The solution Zhang sees is to simulate a street in the metaverse and then simulate a child running into the street as a way to train the AI in its reactions. Such a simulation could be run over and over again within a private metaverse instantiation, as could other unlikely but important scenarios.

Overall, it seems like the ability to simulate physical entities and then layer data or simulations over the top really brings the concept of a digital twin to life.

It opens up questions over whether it would be possible to take a “public metaverse”, such a simulation of a town, and for companies then to hire it as a testbed for their own projects – for example, for planning cell sites or simulating the impact of new building projects, or even for holding virtual street parties. Absolutely, according to Zhang.

“That’s what is very fascinating: the metaverse can start to bring to light all of these interconnecting and interlacing pieces of data that you otherwise would not have thought about, as an extra data point as you consider the larger landscape as a very advanced version of a digital twin.” 

So right there we find a new form of commercial model – not just using a metaverse instantiation for a company’s own use but hiring it out to third parties for them to test ideas or apply their data and add richness. 

Commercial impacts are, in fact, already being felt. Zhang offered the example of a furniture manufacturer who invited Capgemini Engineering to explore whether it would make sense for them to invest in building a public metaverse environment.

“One of our chief architects stands up in front of the client and says ‘Actually you already have an environment in the metaverse. Someone created your store already.’”

In that situation it turned out well, as the manufacturer’s store had been recreated in a complimentary way and they were able to pick up the reins. All well and good but, as Zhang pointed out, that need not have happened.

“What if someone had actually butchered your brand or did not bring about the right connotations of what you want to be known for?” she pointed out. “If you’re not controlling the narrative, then somebody else will.”

Taming A Wild Frontier?

While the concept of private and public metaverses is certainly arresting, and makes some more interesting options for what’s possible, currently deploying in a “public metaverse” is unstraightforward.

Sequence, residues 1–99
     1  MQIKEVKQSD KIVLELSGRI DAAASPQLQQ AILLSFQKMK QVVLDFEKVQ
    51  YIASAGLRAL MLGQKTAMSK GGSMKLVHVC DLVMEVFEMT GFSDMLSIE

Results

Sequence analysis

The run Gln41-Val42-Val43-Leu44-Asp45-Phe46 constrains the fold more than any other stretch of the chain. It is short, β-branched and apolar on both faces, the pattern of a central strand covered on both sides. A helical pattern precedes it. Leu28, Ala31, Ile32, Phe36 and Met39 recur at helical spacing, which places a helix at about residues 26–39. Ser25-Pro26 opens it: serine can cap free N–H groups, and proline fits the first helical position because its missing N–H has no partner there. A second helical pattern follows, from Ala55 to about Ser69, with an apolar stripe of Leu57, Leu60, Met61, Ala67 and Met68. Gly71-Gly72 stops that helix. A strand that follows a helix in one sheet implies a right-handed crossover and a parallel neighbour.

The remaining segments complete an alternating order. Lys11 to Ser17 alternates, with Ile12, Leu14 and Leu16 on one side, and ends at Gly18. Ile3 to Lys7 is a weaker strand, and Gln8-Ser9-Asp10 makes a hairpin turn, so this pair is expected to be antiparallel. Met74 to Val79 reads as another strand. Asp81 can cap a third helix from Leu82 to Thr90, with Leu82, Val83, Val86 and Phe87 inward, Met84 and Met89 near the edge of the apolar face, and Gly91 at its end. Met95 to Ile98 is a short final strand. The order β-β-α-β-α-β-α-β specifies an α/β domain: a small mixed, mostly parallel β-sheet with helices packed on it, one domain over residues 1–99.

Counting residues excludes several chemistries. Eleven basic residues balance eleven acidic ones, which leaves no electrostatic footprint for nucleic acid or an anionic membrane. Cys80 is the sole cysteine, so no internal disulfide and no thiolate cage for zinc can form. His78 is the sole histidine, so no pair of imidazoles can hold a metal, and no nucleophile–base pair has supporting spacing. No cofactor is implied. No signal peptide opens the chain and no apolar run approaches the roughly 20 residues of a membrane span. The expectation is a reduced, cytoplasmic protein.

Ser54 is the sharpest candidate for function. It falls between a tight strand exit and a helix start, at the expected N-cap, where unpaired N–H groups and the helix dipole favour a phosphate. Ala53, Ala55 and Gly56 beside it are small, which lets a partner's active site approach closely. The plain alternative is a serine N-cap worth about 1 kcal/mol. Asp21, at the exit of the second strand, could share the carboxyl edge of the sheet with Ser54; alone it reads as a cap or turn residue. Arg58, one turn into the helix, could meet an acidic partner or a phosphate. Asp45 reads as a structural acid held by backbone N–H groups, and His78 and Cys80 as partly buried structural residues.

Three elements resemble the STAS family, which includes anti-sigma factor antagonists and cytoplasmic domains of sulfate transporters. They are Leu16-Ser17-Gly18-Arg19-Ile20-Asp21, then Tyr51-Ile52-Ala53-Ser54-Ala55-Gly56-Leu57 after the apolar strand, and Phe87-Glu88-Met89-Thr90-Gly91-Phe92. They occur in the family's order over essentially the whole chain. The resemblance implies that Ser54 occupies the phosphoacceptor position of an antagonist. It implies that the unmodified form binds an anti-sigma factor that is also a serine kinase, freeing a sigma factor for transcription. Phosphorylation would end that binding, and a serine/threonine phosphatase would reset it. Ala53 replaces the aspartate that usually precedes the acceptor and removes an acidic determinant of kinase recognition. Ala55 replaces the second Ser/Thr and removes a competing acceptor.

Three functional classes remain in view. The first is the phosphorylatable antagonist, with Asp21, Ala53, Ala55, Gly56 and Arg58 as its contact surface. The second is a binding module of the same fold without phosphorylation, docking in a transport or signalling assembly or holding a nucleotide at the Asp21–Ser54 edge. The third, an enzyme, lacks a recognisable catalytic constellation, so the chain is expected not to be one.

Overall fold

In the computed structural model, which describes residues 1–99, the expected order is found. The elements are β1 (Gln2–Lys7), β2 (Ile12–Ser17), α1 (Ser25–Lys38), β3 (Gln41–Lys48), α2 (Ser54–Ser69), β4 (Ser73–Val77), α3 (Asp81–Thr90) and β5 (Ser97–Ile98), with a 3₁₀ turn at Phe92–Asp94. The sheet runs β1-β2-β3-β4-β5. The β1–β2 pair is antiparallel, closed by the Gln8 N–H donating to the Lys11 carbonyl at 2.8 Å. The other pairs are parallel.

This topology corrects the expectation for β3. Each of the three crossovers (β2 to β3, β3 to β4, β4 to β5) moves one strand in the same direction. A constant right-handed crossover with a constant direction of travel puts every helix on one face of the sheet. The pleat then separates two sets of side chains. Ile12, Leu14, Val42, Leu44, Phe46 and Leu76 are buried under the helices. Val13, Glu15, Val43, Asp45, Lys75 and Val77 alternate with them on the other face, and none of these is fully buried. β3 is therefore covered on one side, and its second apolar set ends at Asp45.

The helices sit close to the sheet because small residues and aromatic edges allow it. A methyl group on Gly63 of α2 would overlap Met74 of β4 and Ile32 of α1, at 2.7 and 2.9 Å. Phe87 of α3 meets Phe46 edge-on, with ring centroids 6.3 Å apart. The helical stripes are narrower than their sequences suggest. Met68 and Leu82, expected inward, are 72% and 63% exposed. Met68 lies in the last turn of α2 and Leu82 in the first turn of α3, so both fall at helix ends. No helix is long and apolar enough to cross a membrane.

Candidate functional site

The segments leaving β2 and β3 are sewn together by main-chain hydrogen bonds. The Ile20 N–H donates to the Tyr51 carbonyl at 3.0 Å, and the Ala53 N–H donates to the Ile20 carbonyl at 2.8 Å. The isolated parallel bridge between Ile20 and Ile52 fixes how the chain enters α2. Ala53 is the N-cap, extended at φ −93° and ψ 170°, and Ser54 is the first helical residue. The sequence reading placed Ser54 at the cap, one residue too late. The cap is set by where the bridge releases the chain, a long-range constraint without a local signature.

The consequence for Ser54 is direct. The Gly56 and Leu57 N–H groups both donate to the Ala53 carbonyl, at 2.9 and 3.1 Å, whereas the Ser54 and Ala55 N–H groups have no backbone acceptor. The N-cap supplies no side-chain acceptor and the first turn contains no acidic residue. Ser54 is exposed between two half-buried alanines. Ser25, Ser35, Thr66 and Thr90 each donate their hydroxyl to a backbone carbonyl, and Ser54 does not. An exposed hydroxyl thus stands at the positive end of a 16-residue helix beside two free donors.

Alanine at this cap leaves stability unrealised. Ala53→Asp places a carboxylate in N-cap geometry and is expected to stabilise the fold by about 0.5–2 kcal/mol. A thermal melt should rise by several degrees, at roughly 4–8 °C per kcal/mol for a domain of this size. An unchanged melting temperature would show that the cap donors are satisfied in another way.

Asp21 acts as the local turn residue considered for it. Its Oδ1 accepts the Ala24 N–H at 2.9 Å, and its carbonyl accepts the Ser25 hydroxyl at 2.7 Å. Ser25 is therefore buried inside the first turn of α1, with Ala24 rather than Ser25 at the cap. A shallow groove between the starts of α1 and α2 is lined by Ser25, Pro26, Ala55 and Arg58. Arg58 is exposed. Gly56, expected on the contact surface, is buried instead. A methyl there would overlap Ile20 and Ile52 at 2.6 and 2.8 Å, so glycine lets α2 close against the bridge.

“I don’t think that it’s a solved situation yet where there’s a way for us all to see a certain type of environment as of yet,” Zhang commented. “Just like when the internet just started. Everyone was coding in various languages. And so some of them would render correctly and some of them wouldn’t.”

There is the potential for a gold rush here, especially for companies able to set actual or de facto standards. This is where some of the pioneer companies who have bet big on the metaverse are competing, according to Zhang.

“Some of these companies are making sure that they start to work through a unified approach, setting standards on how data will be transferred, how data will be published, how the environment will be visualised,” she said.

Indeed, interaction between an immersive VR experience and the “plain” two-dimensional internet is also being scrutinised by large players.

“Apple, for example, has already pre-built some standardization of VR access into their phones today that could support them for all future generations. So once that door becomes open, you can actually use your iPhone to go and look into the metaverse environments.”

Whether we will end up with actual standards, or whether we’ll have the metaverse equivalent of the Pepsi Wars between rival stakeholders trying to dominate a market, is all to play for. However, it’s clear that certain large players are aiming to gain essential positions, whether that’s within a nascent market or within any standards that are being developed.

“Imagine if you were the first – you know, the ‘Internet Explorer of the metaverse’. Obviously things evolve and change, but to have that first-mover advantage and to set that first standard gives you a lot of leverage.”